That is my testimony to the Orthodox Church. This is indeed the pearl of great price, regardless of what man may do with it. It is the true faith, preserved by those who have bought it through the years and kept it as a pearl without deviation from the pearl as it was received. It is worth all that I had – even if I had been a rich merchant. To a degree I was. I had four children – and set their lives and their faith as a downpayment on this pearl. Nothing could have been more precious. And today they are grateful for the pearl it purchased.

I cannot argue with anyone who says that they have found the pearl of great price. But there are many pearls out there, and merchants who would charge far beyond their value. I cannot overcome them with argument. But I will not recant my purchase, my gift. I will not deny the nature of this pearl.

The wonder of it all is that the One Pearl can be had by so many.

How Vulnerable is Your Life?

October 16, 2007


Young parents quickly discover a level of vulnerability they had not known before a child came into their world. With the birth of a child, under most normal circumstances, your heart becomes extremely vulnerable. You discover that you’ve never loved anything so much and the fragility of their lives becomes, sometimes, all too obvious. I’m not certain that this sense of fragility stops even after their grown and no longer fit the description of “child” any longer.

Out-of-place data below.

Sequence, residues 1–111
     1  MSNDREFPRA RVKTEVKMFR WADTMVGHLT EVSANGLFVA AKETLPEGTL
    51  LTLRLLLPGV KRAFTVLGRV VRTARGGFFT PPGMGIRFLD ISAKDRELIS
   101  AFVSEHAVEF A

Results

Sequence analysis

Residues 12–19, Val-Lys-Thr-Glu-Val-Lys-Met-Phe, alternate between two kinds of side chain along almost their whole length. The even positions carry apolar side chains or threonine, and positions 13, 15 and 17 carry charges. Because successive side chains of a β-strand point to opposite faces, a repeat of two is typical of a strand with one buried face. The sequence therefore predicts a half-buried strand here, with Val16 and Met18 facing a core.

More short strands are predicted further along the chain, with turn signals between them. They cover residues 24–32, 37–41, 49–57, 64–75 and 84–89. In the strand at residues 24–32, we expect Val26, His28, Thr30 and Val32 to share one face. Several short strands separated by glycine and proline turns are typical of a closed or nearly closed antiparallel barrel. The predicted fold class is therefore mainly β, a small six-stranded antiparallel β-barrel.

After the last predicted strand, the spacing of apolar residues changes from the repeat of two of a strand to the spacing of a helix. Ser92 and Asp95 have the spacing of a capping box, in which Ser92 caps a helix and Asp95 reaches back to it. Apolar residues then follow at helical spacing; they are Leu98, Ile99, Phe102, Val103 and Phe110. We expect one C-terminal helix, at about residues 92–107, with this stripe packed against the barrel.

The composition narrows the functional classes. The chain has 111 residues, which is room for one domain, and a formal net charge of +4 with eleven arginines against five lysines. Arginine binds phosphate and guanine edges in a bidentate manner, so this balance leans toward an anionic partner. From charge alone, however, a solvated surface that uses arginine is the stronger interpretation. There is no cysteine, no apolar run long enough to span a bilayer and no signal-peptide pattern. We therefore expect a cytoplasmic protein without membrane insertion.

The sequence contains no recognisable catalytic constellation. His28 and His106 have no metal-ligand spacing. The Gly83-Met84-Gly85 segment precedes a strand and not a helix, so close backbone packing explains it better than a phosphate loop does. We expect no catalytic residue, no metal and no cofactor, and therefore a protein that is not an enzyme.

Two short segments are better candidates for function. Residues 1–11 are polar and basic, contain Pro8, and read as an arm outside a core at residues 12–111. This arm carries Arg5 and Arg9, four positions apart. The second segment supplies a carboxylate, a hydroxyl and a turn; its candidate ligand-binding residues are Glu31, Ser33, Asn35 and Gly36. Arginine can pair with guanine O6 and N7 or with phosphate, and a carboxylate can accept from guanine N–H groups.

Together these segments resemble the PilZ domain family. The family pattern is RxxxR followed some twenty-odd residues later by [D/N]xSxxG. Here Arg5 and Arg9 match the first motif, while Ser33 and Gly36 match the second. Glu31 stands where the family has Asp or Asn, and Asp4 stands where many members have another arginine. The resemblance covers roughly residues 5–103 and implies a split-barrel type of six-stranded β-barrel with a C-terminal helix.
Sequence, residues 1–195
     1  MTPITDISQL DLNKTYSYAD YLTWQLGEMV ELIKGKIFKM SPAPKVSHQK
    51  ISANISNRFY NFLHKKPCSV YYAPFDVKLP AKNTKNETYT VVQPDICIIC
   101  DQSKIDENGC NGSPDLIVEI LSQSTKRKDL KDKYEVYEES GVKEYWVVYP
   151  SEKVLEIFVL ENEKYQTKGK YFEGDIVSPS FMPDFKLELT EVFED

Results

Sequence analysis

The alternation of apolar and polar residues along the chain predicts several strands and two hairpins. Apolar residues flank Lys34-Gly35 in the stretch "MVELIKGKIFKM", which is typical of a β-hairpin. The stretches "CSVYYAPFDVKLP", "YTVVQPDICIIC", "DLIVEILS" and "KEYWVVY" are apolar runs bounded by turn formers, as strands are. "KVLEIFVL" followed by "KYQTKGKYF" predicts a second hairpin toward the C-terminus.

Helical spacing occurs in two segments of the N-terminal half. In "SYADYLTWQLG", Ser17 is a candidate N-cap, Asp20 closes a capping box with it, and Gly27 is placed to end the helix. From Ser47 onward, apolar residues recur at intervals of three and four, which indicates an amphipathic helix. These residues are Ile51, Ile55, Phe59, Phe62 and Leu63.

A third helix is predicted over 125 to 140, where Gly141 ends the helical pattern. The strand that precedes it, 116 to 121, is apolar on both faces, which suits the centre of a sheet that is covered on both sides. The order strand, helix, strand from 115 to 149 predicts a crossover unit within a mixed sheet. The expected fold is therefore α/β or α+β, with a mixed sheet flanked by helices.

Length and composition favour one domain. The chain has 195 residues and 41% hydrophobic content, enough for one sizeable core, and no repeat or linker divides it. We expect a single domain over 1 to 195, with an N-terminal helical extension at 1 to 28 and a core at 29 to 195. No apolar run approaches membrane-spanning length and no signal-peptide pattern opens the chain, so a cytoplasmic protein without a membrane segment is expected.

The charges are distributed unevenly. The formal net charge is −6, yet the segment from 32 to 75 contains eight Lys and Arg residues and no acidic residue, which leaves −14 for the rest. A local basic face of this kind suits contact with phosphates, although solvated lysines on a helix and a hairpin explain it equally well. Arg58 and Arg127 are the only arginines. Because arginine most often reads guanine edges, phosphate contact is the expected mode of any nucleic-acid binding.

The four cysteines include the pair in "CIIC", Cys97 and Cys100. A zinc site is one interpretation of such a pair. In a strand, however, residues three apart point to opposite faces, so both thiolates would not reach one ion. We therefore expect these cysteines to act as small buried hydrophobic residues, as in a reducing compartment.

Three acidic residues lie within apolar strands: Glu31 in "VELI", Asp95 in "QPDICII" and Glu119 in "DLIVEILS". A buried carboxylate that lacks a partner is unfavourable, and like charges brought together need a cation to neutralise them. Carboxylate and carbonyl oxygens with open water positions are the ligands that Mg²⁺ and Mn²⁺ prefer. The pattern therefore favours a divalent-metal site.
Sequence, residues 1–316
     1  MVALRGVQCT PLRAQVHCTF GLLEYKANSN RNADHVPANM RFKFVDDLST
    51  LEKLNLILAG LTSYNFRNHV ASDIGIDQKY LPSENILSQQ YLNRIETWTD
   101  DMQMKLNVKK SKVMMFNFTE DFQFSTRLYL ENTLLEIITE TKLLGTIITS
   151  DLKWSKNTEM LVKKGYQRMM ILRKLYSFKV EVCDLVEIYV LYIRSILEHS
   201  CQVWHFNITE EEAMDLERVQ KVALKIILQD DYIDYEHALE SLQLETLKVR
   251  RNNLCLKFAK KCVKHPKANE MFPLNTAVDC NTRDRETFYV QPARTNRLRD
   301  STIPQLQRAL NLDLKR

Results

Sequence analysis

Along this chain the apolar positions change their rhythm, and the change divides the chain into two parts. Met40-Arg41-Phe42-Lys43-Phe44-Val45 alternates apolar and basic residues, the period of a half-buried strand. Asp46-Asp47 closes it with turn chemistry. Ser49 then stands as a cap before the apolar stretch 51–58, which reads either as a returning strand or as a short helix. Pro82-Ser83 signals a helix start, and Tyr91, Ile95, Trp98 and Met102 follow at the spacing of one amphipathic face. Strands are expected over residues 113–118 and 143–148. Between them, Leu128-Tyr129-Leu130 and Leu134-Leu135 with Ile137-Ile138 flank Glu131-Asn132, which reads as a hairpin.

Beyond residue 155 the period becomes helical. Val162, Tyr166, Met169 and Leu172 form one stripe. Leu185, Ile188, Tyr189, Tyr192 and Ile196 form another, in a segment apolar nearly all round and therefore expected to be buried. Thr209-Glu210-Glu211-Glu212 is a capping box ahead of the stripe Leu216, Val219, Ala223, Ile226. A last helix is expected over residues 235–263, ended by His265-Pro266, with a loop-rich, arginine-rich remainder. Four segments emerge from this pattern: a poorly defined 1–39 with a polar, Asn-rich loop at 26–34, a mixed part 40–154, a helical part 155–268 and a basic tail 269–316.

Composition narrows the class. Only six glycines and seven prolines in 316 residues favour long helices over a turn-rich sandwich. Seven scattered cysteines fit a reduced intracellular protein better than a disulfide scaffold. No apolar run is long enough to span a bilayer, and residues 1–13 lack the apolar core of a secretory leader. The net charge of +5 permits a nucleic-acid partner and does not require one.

The vulnerability, of course, is that of love. We live in a dangerous world. I can recall standing at a bus stop every morning of my youngest daughter’s early school years because the idea of letting a beautiful young child stand next to a busy street seemed insane to me. Some mornings it was awfully cold. But we’d play games and wait for the bus and I would watch my heart pull away in that large yellow vehicle. Happy again, that we had warded off so many dangers.

That this same daughter, as a teen, today drives an old Volvo, doubtless has much to do with her father’s vulnerability. It’s my heart.

Most of the things that are truly precious to us have a characteristic vulnerability: a child, an aging parent, a spouse, etc. It is also properly true of the Church. Though its existence is underwritten by the promise of heaven, its dependence on love makes it daily vulnerable to all of man’s worst instincts. On any given day we either love each other and take up our cross, or the Church, that marvelous Bride of God, is wounded and hurt. Something fails and hearts are wounded, and disappointed. God has not made us immune to the Cross but has required it of us in our journey into the Kingdom.

But neither you nor I need drive the nails that bind one another to the Cross. We need not speak ill words or offer harsh judgments or crush dimly burning wicks. Today, be St. John the Theologian who stood by the Cross (as did the Mother of God). Offer words of encouragement to brothers and sisters. Offer no word of offence or gloat at another’s suffering.

There is a line from an old Hank Williams song, that always makes me weep (I’m from the South, you know). It reads:

He was Mary’s own darlin’, he was God’s chosen Son
Once He was fair and once He was young
Mary, she rocked Him, her darlin’ to sleep
But they left Him to die like a tramp on the street.

That same darlin’ dwells in each brother and sister you meet today. Let your heart be vulnerable to them. Don’t leave them like a tramp on the street.